essential that our responses to climate change should not harm the people who are least responsible for the environmental damage in the first place.” The International Trade Centre (ITC) is altogether unconvinced. It says that organic exporters now face new costs to enter the UK, and poor African farmers will therefore find it harder to enter the markets. Moreover, the ITC claimed that most of the food grown in the UK and continental Europe produce more greenhouse gases than organic exports air-freighted by poor African farmers [1]. ITC trade and development expert Alexander Kasterine said, “Food transport has nothing to do with working conditions of farm workers, and only a small proportion of these exporters are currently using fair trade or ethical trade standards.” Cost of organic certification prohibitive UK ’s Minister for Trade and Development Gareth Thomas said he was “disappointed” with the Soil Association proposal to withdraw certification from airfreight products that are not additionally certified to ethical trade standards [4]. He was worried about the costs of additional certification, pointing out that, “certifying new products can take from six months to several years and costs between tens and hundreds of thousands of Euros.” He also said that airfreight ban “does little to solve climate change”, as less than one tenth of one percent of UK greenhouse gas emission come from airfreight fruit and vegetables from Africa; and driving six and a half miles to buy from a shop emits more carbon than flying a pack of Kenyan green beans to the UK. “There can be no denying that food transport has an environmental and social cost, but most of this (about 85%) comes from UK roads,” he said. The UK government is encouraging more efficient distribution within the food and drink sector, and proposed that the food industry trade bodies look into achieving a 20 percent reduction in the social costs of transporting food in the UK by 2012. The food and drink manufacturing, food retail and catering sectors are currently responsible for approximately 4 percent of UK’s annual greenhouse gas emissions of about 26Mt CO2e (CO2 equivalent) per year [5]. The food chain as a whole from farm to plate, which includes transport and distribution, domestic energy use from storage and cooking, is around 111 Mt, or approx 17 percent of UK’s emissions. The Food Industry Sustainability Strategy (FISS) published in April 2006 [5], is considering a 3.5 percent reduction a year over 5 years from a 2006 baseline, by improving the efficiency of product manufacturing, and by reduce waste. Global trade and poverty But it is trade that’s uppermost in the mind of the Minister of Trade and Development. British shoppers spend over £1 million a day on imported fruit and vegetables from Africa; and in addition to the very small minority of organic farmers, almost a million conventional farmers and their families depend on airfreight fruit and vegetables from Africa to the UK. “Trade is fundamental to development.” He said [6], “To beat world poverty, it is essential that economic growth is encouraged in the world’s poorest countries. They must be able to trade on the global market, exporting their goods freely and getting a fair price for them.” Unfortunately, it is precisely a fair price that the poor farmers everywhere cannot get without mandatory ethical trade standards. It is precisely this misplaced emphasis on export trade in the aftermath of the Green Revolution that has resulted in poverty and hunger [7] (see Beware the New “Doubly Green” Revolution, SiS 37). India, the home of the Green Revolution in Asia, is a major food exporter, and its 26 m ton grain surplus in 2006 could feed the 320 million of it population that go to bed hungry. But the starving villagers are too poor to buy the food produced at their doorstep. India is also caught in a worsening epidemic of farmers’ suicide largely as the result of subsidized dumping in the global ‘free-trade’ market. Debt-ridden farmers are caught in a downward spiral of rising costs of fertilizers and pesticides and diminishing income due to plummeting commodity prices, falling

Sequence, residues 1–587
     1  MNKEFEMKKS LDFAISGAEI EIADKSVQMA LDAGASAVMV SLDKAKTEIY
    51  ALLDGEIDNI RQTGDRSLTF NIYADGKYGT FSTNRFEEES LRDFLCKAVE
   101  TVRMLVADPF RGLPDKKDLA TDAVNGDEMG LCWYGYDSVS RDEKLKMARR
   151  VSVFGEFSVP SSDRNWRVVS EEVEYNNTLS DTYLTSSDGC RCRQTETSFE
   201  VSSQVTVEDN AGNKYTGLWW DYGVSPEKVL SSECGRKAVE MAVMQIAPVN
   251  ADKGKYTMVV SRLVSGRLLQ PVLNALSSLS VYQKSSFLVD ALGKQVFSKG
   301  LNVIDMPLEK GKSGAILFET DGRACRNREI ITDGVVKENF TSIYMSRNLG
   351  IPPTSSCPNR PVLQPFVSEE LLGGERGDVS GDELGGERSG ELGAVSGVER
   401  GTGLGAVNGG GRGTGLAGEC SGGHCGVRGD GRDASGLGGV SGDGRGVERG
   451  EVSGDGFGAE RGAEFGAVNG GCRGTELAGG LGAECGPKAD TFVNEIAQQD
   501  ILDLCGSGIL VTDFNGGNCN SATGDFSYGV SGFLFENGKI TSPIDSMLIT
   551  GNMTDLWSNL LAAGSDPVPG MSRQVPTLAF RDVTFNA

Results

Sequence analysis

yields from unsustainable cultivation practices and recently, massive crop failures for those who have been deceived into planting GM crops. An estimated 100 000 farmers have taken their own lives between 1993 and 2003 and the introduction GM crops has escalated the suicides to 16 000 a year. Only organic agriculture of the right kind can feed the world Organic agriculture can feed the world [8] (see Scientists Find Organic Agriculture Can Feed the World and More, SiS 35). But it is becoming especially clear that only the right kind of organic agriculture can feed the world, an organic agriculture that supports local production and local consumption, and protects the livelihood of farmers [7]. There is indeed growing concern over ethical trade standards and carbon footprint in organic certification. Consumers are buying into fair trade products from Third World countries, but they generally also prefer locally produced fresh fruits and vegetables, not only because that cuts down on carbon emissions and helps mitigate climate change, but also because it supports local farmers whose farms they can visit at any time. Conscientious consumers are demanding more information about the food they eat, especially as different certification schemes are not all the same. The Pianesi food label Mario Pianesi, founder of the highly influential macrobiotic association in Italy, Un Punto Macrobiotico (UPM) (see Box), has initiated just the kind of transparent, comprehensive label that gives all the information the most discerning organic consumer might want. Pianesi’s label has information on the entire food chain from farm to shop shelf. It tells you the location of the farm that grows the food, the area and amount harvested, the year of the harvest, the number of people employed, and the specifics of the farming method, such as the origin of the seed, how the sowing is done, what kind of organic fertilizer used (if any), energy used, whether irrigated and amount of water used, weed control, and details of processing (if any) (see photo). The transparent food label containing everything that the organic consumer would want to know as an alternative to organic certification The label is already in use, and on natural non-food products as well, though not all information is available or mandatory. The advantage is that it is not a certification scheme, and hence has no certification cost attached. But the producer of the item can be taken to court if something printed on the label turns out not to be true. Consumers buy it because they have confidence in the brand and approve of the labelling scheme. This scheme is therefore most likely to work in the local community or region, and that’s good enough for consumers and farmers who support the ideal organic food system. Mario is trying to get this label accepted by the Italian Senate, where the majority of the representatives are in favour. But he has yet to convince most of the Italian producers. Mario Pianesi and Un Punto Macrobiotico Mario Pianesi founded the association Un Punto Macrobiotico (UPM) in 1980. With his mother from Montenegro and his father from the Marche region, Pianesi appreciated the positive sides of the Mediterranean cuisine. At the age of 26, he took evening courses in nutrition. When he read the book, Zen Macrobiotics by Georges Ohsawa, he learned about the ancient Chinese theories of Yin and Yang and the five Transformations. He spent the next 10 years studying these ideas, trying to confirm the application of the theories to various branches of science, and then promoted them within the UPM centres. After that, he began to organize public conferences that have continued uninterrupted to the present day. He has given different courses for doctors, teaching diagnosis